The band never plays the same show twice. If there are multiple shows in a city, no song will be repeated from night to night. In the summer of 2017, Phish played thirteen shows at Madison Square Garden, each one running three hours or more. They never repeated a song. More than 240 different songs in a couple of weeks, from driving rock to a cappella harmony, from ethereal jams to well-chosen covers. I don’t know another band that could do that. If another band even made the attempt, it would be the focus of a months-long marketing campaign and endless hype – “Steely Dan will play each of its albums on separate nights! What a feat of musicianship!” Phish didn’t announce that it was going to play different songs every night for two weeks straight, they just did it, because that’s the kind of thing they do.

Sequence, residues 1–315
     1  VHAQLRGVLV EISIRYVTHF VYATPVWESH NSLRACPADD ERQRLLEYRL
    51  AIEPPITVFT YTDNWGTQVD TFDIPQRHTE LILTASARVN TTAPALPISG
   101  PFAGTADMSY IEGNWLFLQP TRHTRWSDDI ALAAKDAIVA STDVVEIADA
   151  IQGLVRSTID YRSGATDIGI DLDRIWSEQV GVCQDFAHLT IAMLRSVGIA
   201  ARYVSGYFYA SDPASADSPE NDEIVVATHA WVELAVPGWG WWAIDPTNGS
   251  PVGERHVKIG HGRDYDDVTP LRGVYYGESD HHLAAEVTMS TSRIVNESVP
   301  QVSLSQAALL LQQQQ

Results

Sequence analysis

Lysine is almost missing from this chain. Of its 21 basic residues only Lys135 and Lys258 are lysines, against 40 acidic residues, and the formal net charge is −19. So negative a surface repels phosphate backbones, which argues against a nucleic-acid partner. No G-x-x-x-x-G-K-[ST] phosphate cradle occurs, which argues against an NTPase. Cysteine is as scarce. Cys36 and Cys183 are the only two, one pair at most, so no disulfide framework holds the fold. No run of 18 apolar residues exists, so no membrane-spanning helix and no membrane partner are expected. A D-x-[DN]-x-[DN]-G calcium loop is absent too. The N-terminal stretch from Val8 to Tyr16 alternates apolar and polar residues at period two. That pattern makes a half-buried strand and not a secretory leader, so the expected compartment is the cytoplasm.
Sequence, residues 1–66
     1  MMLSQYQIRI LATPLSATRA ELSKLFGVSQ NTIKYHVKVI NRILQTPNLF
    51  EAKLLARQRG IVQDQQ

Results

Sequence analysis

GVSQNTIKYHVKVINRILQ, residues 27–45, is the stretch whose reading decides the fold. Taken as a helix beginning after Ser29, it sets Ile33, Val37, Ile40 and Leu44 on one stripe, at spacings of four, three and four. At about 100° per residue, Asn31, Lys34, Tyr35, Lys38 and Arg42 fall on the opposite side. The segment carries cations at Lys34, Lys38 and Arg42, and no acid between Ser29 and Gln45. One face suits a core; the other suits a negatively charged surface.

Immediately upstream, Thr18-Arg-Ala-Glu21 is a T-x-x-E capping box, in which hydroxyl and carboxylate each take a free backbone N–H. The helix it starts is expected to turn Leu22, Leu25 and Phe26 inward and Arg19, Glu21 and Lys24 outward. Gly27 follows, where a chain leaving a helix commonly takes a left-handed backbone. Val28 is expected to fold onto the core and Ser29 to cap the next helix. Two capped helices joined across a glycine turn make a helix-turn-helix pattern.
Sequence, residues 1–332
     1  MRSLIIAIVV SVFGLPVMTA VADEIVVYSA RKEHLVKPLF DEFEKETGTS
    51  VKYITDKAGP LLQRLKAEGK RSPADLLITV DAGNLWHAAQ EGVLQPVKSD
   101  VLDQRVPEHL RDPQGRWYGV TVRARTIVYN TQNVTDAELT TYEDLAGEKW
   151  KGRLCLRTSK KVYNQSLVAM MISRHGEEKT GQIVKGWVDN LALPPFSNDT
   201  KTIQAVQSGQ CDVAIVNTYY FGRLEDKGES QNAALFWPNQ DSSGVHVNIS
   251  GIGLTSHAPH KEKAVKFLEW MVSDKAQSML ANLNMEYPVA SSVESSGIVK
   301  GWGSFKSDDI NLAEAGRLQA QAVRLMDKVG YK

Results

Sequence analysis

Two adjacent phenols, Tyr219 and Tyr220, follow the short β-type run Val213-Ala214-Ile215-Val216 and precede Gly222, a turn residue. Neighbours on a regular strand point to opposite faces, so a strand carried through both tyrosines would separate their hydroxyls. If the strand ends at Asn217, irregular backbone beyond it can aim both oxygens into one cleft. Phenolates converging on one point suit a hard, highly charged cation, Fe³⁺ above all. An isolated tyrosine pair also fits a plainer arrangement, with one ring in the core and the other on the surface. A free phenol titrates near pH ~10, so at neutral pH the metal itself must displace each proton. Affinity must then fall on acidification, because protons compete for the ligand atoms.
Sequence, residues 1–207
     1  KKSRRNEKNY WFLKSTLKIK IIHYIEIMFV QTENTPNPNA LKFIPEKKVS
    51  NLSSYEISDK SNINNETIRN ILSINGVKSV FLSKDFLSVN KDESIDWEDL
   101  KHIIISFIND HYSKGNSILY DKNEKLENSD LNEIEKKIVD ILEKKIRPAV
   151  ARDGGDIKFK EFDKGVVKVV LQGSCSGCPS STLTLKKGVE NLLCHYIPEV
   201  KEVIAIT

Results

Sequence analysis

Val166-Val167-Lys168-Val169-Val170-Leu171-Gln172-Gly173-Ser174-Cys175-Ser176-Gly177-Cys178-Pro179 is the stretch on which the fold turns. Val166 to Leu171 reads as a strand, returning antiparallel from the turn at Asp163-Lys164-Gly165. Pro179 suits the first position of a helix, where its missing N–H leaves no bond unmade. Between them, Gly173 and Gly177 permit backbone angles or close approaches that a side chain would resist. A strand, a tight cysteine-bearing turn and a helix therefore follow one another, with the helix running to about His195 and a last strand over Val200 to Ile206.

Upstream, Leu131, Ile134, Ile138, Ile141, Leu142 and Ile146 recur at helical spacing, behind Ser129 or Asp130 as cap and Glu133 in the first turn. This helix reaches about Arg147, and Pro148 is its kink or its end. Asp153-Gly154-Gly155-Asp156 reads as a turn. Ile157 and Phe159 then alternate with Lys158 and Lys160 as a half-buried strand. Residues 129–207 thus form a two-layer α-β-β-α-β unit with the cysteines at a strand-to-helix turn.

Periodically Phish does a special Halloween show where they put on a “musical costume” by performing a cover of an entire album, usually something from the classic rock archives. They’ll play an hour or so of their own material, then don their costume (sometimes with literal costumes) and cover an entire album, then come back and play another hour of their own material to close the show. They played the entire Beatles’ White Album, including a wonderfully odd live performance of Revolution No. 9. They played Exile On Main Street better than the Rolling Stones could ever have performed it live. They played Ziggy Stardust, ending with an achingly emotional version of Rock & Roll Suicide. The title is always a surprise to the Halloween audience; the first announcement comes when fans entering the show are handed a playbill showing the musical choice for the evening. Then Phish comes out and does a thoroughly rehearsed cover of, say, Quadrophenia in its entirety – a one-shot event for that audience, never to be repeated.